With no physical evidence supporting the ongoing ‘iWatch‘ rumors, we continue to search for other forms of proof that Apple is indeed working on a smartwatch. And today, we are adding a new piece to the puzzle with the ‘iTime’ patent.
The U.S. Patent and Trademark Office granted the Cupertino company a patent today for a new device called the ‘iTime.’ It’s described as a smart wristband that contains various sensors and wireless radios, so it can talk to other devices…
The patent is very comprehensive, covering a lot of things—including some of the features that we’ve heard mixed in with iWatch rumors. The iTime can display incoming calls, text messages and other notifications on its built-in screen.
Another information exchange facilitated by the personal wireless environment 400 is a notification (or alert) that is initiated by one electronic device to a nearby electronic wristband (e.g., electronic wristband 402). An incoming phone call, a text message, a social network post, or a news feed directed to a user’s electronic device (e.g., mobile phone) can cause a notification to be provided to a nearby electronic wristband of the user. In effect, incoming messages or data to a user’s electronic device can be pushed (e.g., wirelessly transferred) to the electronic wristband.
Besides information exchange, an electronic wristband can be use to provide remote user controls to a user. For example, when a portable media player (e.g., MP3 player, or mobile device (e.g., smart phone) operating media player application) is playing a media item, the portable media player can be controlled by one or more user controls made available by the electronic wristwatch. For example, the electronic wristband can be configured to present media playback controls on a touch screen of the electronic wristband.
Apple also explains in the filing that the iTime can be controlled by gestures. They’re not talking about touch gestures though, like swipes and pinches, they’re talking about in-air motions that a user could execute to perform different functions.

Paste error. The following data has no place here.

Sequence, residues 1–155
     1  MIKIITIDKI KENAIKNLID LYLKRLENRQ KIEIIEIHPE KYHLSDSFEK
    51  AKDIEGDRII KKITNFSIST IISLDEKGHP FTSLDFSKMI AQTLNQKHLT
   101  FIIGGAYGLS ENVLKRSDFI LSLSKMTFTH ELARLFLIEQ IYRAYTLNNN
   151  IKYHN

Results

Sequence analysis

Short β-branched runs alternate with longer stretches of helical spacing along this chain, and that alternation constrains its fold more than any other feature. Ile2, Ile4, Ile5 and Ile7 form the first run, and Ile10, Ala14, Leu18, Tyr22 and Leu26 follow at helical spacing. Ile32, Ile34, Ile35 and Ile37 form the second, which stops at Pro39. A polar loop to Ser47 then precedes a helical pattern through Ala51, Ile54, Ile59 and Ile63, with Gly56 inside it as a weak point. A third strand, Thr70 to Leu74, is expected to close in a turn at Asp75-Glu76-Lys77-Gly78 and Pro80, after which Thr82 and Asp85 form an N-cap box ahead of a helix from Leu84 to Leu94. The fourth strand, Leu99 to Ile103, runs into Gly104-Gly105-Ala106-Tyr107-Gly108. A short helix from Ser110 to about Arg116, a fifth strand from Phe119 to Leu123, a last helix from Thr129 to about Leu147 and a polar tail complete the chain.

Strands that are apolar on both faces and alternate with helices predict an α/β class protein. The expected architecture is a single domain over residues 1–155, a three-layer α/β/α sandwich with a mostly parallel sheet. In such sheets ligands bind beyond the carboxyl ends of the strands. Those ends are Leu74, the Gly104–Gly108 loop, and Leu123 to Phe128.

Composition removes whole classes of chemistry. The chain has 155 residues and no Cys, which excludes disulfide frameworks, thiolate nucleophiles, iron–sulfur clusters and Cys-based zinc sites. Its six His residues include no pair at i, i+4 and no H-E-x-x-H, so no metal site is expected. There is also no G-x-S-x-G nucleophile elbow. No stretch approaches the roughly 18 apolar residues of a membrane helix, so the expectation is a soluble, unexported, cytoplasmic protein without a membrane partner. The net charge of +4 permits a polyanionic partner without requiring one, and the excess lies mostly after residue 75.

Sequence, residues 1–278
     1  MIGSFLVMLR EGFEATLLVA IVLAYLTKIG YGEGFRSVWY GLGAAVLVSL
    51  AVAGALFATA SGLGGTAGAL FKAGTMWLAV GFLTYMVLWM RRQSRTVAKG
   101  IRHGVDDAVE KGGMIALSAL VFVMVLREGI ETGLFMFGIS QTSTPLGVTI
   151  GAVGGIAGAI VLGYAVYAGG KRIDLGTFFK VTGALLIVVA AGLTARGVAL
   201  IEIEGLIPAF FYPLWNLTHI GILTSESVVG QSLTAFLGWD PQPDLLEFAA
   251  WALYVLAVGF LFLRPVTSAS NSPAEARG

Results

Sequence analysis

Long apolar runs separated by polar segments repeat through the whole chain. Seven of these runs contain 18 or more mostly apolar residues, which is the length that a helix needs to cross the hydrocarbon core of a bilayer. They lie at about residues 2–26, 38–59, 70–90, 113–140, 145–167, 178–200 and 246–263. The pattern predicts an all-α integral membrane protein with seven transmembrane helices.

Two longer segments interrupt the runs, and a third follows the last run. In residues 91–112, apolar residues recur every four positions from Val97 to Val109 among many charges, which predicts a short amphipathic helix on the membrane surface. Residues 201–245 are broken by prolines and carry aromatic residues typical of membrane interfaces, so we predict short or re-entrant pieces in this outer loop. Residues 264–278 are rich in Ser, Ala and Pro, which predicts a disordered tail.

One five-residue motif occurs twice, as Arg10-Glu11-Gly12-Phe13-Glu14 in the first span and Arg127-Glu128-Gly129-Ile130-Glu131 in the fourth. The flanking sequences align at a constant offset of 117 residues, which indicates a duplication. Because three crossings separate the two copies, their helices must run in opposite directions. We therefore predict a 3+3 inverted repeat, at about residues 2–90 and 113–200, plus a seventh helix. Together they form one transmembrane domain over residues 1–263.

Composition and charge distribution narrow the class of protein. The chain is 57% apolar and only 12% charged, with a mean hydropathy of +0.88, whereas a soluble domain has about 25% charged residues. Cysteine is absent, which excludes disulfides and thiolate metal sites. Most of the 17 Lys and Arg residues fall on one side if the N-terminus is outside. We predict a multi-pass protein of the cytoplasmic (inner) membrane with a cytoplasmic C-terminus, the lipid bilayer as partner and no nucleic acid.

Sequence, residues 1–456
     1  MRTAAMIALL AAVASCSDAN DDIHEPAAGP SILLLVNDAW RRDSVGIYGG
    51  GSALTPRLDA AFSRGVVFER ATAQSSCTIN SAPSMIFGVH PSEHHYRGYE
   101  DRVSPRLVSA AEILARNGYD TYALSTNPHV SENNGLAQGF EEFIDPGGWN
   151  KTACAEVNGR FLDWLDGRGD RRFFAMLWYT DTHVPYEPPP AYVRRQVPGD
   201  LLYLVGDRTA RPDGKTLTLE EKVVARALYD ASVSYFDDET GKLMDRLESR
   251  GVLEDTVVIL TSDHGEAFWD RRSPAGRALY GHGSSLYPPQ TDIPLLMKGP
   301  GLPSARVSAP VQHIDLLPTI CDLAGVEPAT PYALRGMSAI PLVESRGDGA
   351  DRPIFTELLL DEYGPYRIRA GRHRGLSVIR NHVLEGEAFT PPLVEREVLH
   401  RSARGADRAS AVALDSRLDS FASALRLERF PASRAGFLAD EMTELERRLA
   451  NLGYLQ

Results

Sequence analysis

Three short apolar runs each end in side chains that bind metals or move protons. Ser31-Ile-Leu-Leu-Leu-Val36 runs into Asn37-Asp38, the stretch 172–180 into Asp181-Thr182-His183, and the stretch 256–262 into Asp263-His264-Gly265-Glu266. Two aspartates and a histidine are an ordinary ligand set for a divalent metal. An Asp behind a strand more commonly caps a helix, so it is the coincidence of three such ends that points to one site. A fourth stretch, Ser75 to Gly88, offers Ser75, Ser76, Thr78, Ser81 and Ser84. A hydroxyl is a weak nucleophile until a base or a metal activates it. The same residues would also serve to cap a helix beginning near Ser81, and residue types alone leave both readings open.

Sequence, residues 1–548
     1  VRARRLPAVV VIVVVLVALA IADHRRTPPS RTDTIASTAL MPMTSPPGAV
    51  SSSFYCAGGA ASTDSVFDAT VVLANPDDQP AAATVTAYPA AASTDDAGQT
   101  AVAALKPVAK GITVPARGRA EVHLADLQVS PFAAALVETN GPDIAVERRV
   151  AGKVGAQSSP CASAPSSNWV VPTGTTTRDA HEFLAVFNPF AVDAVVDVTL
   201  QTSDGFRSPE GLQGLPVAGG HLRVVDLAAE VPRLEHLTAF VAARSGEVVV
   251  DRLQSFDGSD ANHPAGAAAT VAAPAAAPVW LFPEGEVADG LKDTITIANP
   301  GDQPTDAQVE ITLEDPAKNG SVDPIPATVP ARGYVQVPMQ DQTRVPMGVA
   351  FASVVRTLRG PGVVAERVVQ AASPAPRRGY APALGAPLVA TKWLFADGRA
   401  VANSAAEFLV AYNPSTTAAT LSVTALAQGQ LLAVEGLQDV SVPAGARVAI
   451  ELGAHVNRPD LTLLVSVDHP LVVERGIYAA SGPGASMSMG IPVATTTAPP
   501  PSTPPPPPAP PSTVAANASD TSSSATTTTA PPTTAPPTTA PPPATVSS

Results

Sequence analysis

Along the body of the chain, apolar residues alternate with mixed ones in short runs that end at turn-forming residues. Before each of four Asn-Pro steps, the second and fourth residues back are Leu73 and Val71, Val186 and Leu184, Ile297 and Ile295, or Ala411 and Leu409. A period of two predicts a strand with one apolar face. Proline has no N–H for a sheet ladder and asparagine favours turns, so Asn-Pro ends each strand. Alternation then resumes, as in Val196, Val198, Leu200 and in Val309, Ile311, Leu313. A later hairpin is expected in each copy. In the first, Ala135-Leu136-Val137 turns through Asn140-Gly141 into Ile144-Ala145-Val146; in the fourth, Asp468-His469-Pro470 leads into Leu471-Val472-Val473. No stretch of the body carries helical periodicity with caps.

Another aspect of embodiment of the invention pertains to use of gestures with one’s arm or wrist to provide a user input to an electronic wristband. For example, once a notification request is received at an electronic wristband, the electronic wristband can notify its user. The electronic wristband can also seek a response to the notification. In one embodiment, the electronic wristband can monitor one or more sensors to detect a user gesture with the user’s arm or wrist. For example, the sensors can include an accelerometer and/or gyroscope. Typically, the sensors are digital sensors. The gesture can correspond to specific movements of a user’s wrist or arm can vary with implementation. For example, the gesture might be a horizontal movement for one user input option (e.g., decline incoming call), and might be a vertical movement for another user input option (e.g., accept incoming call). For example, the gesture might be a single shake (or bounce, tap, etc.) of the user’s wrist for one user input option (e.g., accept incoming call), and might be a pair of shakes (or bounces, taps, etc.) for another user input option (e.g., decline incoming call).
As usual, just because Apple patents something doesn’t mean it’s going to materialize into a real product. And even if it did, it’s very possible that it won’t look or act anything like the device shown and described in the original application.
That being said, the consensus right now is that it’s definitely working on some kind of wearable. It’s built up this enormous team of medical and fashion experts, and we have seen several reports from major publications pointing to the project.
If the current information holds, Apple will announce its new smartwatch at an event in October. It’ll feature more than 10 sensors for tracking various health and fitness activity, wireless charging, and a curved display measuring 1.5 to 3-inches.